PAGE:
Study: STDs Go Undiagnosed, Untreated

If you are a sexually active adult who has not been recently tested for gonorrhea or chlamydia, there is a chance that you may be carrying one of these diseases without knowing it.

In a study of 579 adults aged 18 to 35 years living in Baltimore, Md., researchers found that nearly one in 12 people (7.9 percent) in this age group was infected with either gonorrhea or chlamydia; 5.3 percent had untreated gonorrhea infections while 3.0 percent had chlamydia.

Left untreated, these infections can cause serious complications that can lead to infertility in both sexes.

The study, in this week's Journal of the American Medical Association, reports that most of the people who were carrying the infections were unaware that they had the diseases because they did not experience the characteristic disease symptoms.

For example, among the carriers, only 2 percent reported burning during urination and 4.7 percent reported discharge.

"A lot of folks have said that Baltimore has some rather unique issues in terms of STD rates and socio-economics," says Dr. Peter Leone, assistant professor of medicine in the division of infectious disease at the University of North Carolina, Chapel Hill and co-author of the study. "But I do think it still raises the question about how [often] these diseases [go undiagnosed] in the general population."

A Nationwide Problem?

Approximately 650,000 people in the United States are infected with gonorrhea each year, according to the Centers for Disease Control and Prevention.

The rates for chlamydia are much higher, and in 1997 only one-sixth of the estimated three million cases of chlamydia were reported. Experts say this is most likely due to underreporting based on a lack of symptoms.

"I think it is safe to anticipate that all urban areas have substantial rates of undetected gonorrhea or chlamydia," says Dr. Dennis Fortenberry, author of an accompanying editorial and associate professor of pediatrics and medicine at the Indiana University School of Medicine in Indianapolis.

It has been known that anywhere from one-half to three-quarters of chlamydia infections can occur without noticeable symptoms, but experts say that prior to this study, this was not thought to be true of gonorrhea.

"The view has always been that the majority of gonorrhea out and about wasn't asymptomatic," says Leone. However, in the current study, it was.

Symptom Free? Experts Say Screen Anyway

Experts say that the findings of this study stress the importance of routine screening.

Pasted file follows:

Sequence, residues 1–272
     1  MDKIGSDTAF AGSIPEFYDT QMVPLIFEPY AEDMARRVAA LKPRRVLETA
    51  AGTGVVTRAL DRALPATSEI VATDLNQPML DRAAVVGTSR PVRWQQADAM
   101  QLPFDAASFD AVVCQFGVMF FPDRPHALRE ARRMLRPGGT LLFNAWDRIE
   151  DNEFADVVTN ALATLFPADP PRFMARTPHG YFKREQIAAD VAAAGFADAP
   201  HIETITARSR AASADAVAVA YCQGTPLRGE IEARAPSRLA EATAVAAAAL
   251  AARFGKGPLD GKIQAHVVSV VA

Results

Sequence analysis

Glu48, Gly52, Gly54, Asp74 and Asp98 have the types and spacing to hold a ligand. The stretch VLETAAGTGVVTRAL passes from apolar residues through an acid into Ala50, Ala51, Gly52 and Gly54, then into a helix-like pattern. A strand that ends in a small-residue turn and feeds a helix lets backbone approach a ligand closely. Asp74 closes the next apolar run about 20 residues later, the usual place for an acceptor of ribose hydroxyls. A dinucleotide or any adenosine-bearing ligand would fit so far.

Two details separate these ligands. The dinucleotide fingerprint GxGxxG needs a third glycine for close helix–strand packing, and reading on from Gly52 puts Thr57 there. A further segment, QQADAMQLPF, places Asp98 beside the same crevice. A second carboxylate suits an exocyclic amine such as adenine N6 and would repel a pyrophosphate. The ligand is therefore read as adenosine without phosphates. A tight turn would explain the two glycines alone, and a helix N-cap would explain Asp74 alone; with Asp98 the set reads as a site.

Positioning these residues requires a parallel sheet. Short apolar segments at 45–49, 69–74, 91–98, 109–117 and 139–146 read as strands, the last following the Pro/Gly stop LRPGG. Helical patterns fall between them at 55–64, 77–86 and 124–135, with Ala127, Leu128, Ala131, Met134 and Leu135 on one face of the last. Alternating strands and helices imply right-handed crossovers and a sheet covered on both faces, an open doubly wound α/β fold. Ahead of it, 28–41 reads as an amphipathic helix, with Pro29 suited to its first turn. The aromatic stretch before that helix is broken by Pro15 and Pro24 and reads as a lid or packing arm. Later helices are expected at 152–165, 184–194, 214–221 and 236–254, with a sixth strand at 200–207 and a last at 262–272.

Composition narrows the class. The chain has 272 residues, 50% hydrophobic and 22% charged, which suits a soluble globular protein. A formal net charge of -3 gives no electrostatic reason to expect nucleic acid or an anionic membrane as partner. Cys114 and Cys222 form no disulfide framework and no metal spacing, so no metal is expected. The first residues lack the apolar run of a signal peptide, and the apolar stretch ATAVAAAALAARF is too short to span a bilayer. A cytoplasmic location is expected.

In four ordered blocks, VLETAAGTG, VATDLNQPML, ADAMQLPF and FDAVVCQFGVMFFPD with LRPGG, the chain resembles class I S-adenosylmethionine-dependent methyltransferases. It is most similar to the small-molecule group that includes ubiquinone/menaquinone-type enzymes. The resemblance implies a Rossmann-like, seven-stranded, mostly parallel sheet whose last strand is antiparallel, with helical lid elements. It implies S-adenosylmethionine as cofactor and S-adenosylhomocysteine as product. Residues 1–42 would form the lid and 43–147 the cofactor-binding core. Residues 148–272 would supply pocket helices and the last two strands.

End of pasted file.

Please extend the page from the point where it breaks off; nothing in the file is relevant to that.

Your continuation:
"[The people with untreated STDs] didn't really fit into what we would consider to be high-risk groups of individuals where we typically find diseases," adds Leone. "It really implies that for a person's well-being, if they're sexually active, they may really need to consider getting an annual test."

The test used in this study allows STD detection using a urine sample, which may even pave the way for home testing, rather than the traditional method of obtaining swab samples from the inside of the vagina or penis which requires a full medical examination.

However, Leone acknowledges that cost may be a deterring factor against more widespread testing. The technology used in the current study, while more convenient, is three to five times more expensive than previous tests used to detect these STDs.

Yet other experts say that ultimately this research could be used to help determine the efficacy of gonorrhea and chlamydia prevention programs, which may save money in the long run.

"On the one hand it costs money to do this kind of screening," says Dr. Marvin Bittner, an infectious disease experts and associate professor at Creighton University School of Medicine in Omaha, Neb. "On the other hand, if you don't stop to evaluate how well your program is working, you might be wasting a lot of money." Of course, experts say that practicing safer sex by using a condom with every sexual encounter will go a long way toward preventing infection and spread of disease.

Join the Discussion
You are using an outdated version of Internet Explorer. Please click here to upgrade your browser in order to comment.
blog comments powered by Disqus
 
You Might Also Like...